Album: Tales of the Brave
Cost: $18.99 USD
Found: Bleecker Street Records, 239 Bleecker Street, New York City, NY, USA.
Sometimes random browsing through endless crates of records yields the best results.
While I was in NYC a few weeks ago for the Blogcademy, I found myself at night with a few hours to cram in some brief shopping between the intensive classes each day. Three things I really wanted to try and do while in city were:
- Check out the heralded All Saints
- Visit Strawberry Fields
- Try and hit up a few Record Stores
Despite fighting the tail end of a wicked flu I was happily able to cross all three things off my list.
My record shopping haul was fantastic, even more so given I’d only budgeted $100 to spend on vinyl.
Any record fiend will know exactly how difficult it is to stick to a budget like this when in New York. I managed somehow and came away with some fantastic finds (although I did have to do the record in each hand humming and hawing over which to put back dance at several points).
It was one of those moments flipping through crates where I stopped dead in my tracks after passing the album. Slowly looking around the store to see if anyone there realized what I had just found. Look back to the record, jaw drop, lift slowly from the crate, hold in hand, stare. And finally breathe again.
Ya, I know, I need to get out more.
Browsing through general crates can be pretty aimless but there have been several times in the past I’ve stumbled onto something awesome which would have been missed otherwise. Part of the thrill in searching through record shops is finding those hidden, and unexpected gems. When I was younger and used to thrift for my wardrobe, I’d experience this then too, stumbling over a beautiful, (and forgotten) vintage velvet coat for $5.00 was the best thing in the world.
As much as I’m a huge supporter and fan of online shopping, nothing can beat that tangible, physical experience in a record store or thrift shop and the excitement of finding something you prize.
So a little background on this album and I –
Growing up in the suburbs of Ottawa was boring. My saving grace as a teenager was music and theatre. The summer going into grade 9 I’d started hanging out with an older group of kids I met when rehearsing for a play. They were an amazing group to be hanging around and introduced me to the city’s blossoming All Ages music scene. The early 90’s was a great time to be interested in music with so many independent venues opening up, super cheap gigs, and loads of small alternative bands touring and playing All Ages Shows.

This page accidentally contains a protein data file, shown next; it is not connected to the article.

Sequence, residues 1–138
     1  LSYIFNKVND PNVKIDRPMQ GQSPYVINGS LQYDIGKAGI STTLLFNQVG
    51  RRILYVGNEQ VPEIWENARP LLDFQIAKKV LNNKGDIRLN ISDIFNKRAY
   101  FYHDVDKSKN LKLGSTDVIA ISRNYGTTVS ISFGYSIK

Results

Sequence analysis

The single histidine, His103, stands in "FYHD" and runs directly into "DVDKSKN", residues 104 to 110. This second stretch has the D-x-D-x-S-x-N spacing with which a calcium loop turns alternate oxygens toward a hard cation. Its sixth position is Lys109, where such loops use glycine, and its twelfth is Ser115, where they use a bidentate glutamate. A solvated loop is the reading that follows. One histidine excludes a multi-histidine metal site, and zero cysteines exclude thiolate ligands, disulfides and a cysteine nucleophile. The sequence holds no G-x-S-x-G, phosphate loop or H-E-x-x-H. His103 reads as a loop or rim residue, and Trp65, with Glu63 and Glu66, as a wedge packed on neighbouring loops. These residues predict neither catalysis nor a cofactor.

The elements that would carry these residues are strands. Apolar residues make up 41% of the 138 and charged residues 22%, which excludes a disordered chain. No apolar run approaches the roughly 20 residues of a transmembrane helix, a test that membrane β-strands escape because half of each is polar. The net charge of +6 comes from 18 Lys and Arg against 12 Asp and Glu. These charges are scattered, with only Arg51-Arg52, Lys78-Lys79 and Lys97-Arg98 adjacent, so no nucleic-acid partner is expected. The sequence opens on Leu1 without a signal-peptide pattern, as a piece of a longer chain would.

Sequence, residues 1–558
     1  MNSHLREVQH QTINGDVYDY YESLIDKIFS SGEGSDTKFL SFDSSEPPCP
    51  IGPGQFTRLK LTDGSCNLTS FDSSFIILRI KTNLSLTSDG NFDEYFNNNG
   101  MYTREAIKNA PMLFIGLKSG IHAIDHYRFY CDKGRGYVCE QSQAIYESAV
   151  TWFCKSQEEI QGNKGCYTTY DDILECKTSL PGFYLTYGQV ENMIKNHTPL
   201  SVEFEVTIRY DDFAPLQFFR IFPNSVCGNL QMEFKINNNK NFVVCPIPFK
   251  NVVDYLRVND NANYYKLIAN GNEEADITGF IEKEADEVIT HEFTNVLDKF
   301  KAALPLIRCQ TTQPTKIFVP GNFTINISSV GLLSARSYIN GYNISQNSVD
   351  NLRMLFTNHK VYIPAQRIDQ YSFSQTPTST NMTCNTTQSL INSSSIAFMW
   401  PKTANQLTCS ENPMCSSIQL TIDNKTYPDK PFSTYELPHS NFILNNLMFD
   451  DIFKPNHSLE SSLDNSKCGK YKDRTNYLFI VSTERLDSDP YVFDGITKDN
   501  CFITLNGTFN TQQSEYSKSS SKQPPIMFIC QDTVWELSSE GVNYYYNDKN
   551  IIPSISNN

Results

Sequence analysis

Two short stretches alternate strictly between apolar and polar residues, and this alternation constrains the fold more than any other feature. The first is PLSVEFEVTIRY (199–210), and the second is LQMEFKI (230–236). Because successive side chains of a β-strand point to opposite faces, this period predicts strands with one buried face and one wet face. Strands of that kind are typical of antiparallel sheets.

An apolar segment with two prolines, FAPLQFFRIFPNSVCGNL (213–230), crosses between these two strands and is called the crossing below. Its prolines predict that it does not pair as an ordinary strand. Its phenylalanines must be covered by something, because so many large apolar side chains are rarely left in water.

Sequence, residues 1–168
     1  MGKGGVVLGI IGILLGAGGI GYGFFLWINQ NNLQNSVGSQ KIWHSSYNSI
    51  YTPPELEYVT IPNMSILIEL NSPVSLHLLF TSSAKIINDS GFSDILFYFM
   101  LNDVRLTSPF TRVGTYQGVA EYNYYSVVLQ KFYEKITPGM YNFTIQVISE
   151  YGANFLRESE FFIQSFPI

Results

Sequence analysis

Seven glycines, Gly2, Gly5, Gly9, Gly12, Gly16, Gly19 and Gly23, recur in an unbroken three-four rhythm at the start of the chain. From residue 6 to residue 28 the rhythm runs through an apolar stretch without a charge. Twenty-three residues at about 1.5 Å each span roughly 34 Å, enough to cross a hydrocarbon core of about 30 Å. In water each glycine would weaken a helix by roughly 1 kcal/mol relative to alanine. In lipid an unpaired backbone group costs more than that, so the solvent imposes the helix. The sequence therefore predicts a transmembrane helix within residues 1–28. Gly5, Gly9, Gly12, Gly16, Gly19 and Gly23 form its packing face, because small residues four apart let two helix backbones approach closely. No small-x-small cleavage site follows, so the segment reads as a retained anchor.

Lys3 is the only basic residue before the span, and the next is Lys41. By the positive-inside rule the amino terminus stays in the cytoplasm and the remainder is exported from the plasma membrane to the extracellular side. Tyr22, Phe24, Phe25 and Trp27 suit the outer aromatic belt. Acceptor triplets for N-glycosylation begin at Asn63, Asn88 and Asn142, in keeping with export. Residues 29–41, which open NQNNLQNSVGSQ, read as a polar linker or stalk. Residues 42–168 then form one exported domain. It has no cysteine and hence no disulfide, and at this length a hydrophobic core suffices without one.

One of the first shows I went to was on a hot Summer day in August, incredibly humid and sticky. The show was held at a tiny, tiny venue called 5 Arlington, which I remember as a gutted out house that was home to a punk collective that would regularly organize shows and events in the space.
And Ida weren’t even the headliners that day, but a band called Tsunami I think, and another band called Girl Afraid were also on the bill.
I have memories of half finished purple popsicles littering the hot asphalt behind 5 Arlington, sitting on the pavement between sets. When Ida started to play, everyone crammed into that hot little house, the room lit only by the natural daylight streaming in, everyone listening in rapt attention as Ida played their hearts out.
To this day, that concert easily remains as one of my all time favourite shows. It was just one of those perfect, beautiful moments that can be too rare in life.
I snapped up one of the Ida CDs brought with them as merch, and for the next year listened to it obsessively in only the way a 14 year old can. It was part of the soundtrack to an incredible year of my life.
To come across that album again well over 15 years later, on my own in a record shop in Greenwich Village was super happymaking to say the least. A little private present from the cosmos.
I held it tightly as I went to cash out, still looking around to see if anyone else had clocked what I had just found. Of course they hadn’t, but that didn’t matter.
A flood of memories in an instant. And as if it were possible, I think it sounds even better on vinyl, but of course I’m biased in my love for the medium.
PHOTOGRAPHY BY: The Ever Lovely Anna Mifsud-Sweeney